Now, as much as I enjoy technology I have to be honest to say I had to learn how to disconnect from it and really create this balance to protect my mental space. So that involves journaling, being with my family, I’m a plant mom. I like to be outdoors. I also like to do biking and hiking and things like that. And when I’m not focused on doing those things, I am focused on my studies. As mentioned earlier, I’m pursuing my MBA; on track to graduate next year in May. So I’m super excited about that. That’s a little bit about me. I’m really excited to be here, and I really appreciate you having myself and these ladies here to talk about this work on this wonderful topic.
Sarah Wolfe: Thank you so much and thank you all for sharing a little bit about yourselves to get us started. Now I would love to get an idea of who we are talking with today. And so we are sending out a poll. Please say how you identify, audience, so that we can know. And select anything that you are comfortable sharing because that’s going to help direct some of the conversations and questions that we have.
So it looks like we are at
- almost 50 – 50 split white versus by BIPOC or black, indigenous, people of color with some mixed race representation,
- 52% identifying as women,
- 14% as men,
- and then some gender nonconforming and LGBTQIA plus people.
That is very exciting to hear and see. All right. So thank you so much for sharing.
Our first question that we’re going to start off with is actually sort of targeting Sandy and Angela a little bit more.
How was transitioning into the nonprofit space, both on the positive and on the negative side?
Sandy Martins: I can start this off. I work for MENTOR who exists to expand the mentoring movement by developing and disseminating high quality research and evidence-based practices across the U.S. and Canada. Coming from a background in corporate space and moving on to nonprofit allowed me to really experience what it felt like to work with a diverse group of people. Close to 70% of white male make up the tech industry. So seeing that shift at my organization was truly impactful. It really impacted my experience in a very positive way.
I work with amazing women, women of color, men as well, at MENTOR. And also have the pleasure of working closely with a diverse tech team that supports my IT strategic vision. It is, however, a smaller organization, so people wear multiple hats. There’s also the challenge of driving technology through change and really going through that. So I’m really getting a good lesson on the importance of human behavior and change management, but I’m certainly fortunate to be in this role where I’m learning to approach that area with more grace and developing creative ways to influence staff members in their comfort level with technology.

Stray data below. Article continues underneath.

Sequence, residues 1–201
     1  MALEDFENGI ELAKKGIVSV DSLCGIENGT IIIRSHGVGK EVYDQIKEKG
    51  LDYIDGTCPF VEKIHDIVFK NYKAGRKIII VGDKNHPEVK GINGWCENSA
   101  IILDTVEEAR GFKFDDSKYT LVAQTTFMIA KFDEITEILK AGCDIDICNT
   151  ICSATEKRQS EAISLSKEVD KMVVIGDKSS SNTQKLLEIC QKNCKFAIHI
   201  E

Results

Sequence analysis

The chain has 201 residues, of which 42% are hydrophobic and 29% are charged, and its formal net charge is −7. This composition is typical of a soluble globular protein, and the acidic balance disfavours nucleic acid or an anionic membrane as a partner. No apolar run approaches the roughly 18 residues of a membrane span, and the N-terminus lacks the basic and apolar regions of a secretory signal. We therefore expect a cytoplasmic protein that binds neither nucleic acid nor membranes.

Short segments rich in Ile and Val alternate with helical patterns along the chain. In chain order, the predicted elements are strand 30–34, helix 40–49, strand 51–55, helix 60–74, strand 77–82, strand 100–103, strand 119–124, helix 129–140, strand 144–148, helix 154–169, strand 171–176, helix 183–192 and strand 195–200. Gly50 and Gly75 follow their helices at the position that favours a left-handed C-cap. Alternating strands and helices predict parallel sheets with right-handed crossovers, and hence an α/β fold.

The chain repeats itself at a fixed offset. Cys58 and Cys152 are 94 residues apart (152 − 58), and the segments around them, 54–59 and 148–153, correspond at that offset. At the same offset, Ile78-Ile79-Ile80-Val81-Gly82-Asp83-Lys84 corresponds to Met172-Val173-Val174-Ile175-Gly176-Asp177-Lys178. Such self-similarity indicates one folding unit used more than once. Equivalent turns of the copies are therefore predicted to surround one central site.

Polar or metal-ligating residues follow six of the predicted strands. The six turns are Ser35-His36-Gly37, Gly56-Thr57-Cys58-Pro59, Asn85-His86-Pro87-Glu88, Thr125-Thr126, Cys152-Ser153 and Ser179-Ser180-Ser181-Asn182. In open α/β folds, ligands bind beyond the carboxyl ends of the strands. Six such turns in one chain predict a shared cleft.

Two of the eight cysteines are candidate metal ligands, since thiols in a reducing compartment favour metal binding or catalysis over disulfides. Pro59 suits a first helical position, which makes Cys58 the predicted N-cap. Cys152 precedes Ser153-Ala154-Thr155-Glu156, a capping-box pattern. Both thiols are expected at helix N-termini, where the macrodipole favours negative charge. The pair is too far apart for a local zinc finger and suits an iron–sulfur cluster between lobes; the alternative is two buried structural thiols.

Angela Kim: And for me, because I spent so much of my career in the corporate world, I’m noticing that more recently, as I’ve been doing a lot of self-reflection to be much more self-aware these days. I didn’t notice some of the changes at first, but being just this year more recently, just doing a lot of reflection.
I’ve seen a lot of changes, but coming from a corporate world, I didn’t appreciate what it meant to have so much of the resources and the systems in manpower available. There would be entire teams and floors of tech people, a whole team just for help desk, a whole team just for development, a whole team just for R and D. Those are the things that you take advantage of and just don’t appreciate. When I had an issue on the business side, I would stroll right down and I would talk to the entire team and I would say, “This is what I want,” and then they would just go make things happen.
So definitely, the presence of the systems and resources and manpower were a huge difference that I saw from the corporate world and nonprofit side. I got this really ingrained in my mind coming from the corporate world, which was being extremely results driven, especially because I came from the sales side of things in the tech space. You’re very much measured and evaluated purely based on outcomes and numbers. It’s not as much about how are you feeling, how are you doing; what’s your mental health look like?
And that wasn’t quite as much part of the conversation. I’m really feeling like, especially in the last couple of years, really talking about that. And that is very much part of my conversation and really caring about the people. And that’s one of the great positives that I noticed being in the nonprofit space and that transition. It struck me as odd when I came here to my first nonprofit organization and I kept hearing the word family and it was such a strange thing for me. At first, it was very uncomfortable because I hadn’t been used to that. I got really comfortable with that and it’s great to see. You can feel, especially having gone through all of the turmoil and things that have happened in the past couple years, it’s been really challenging.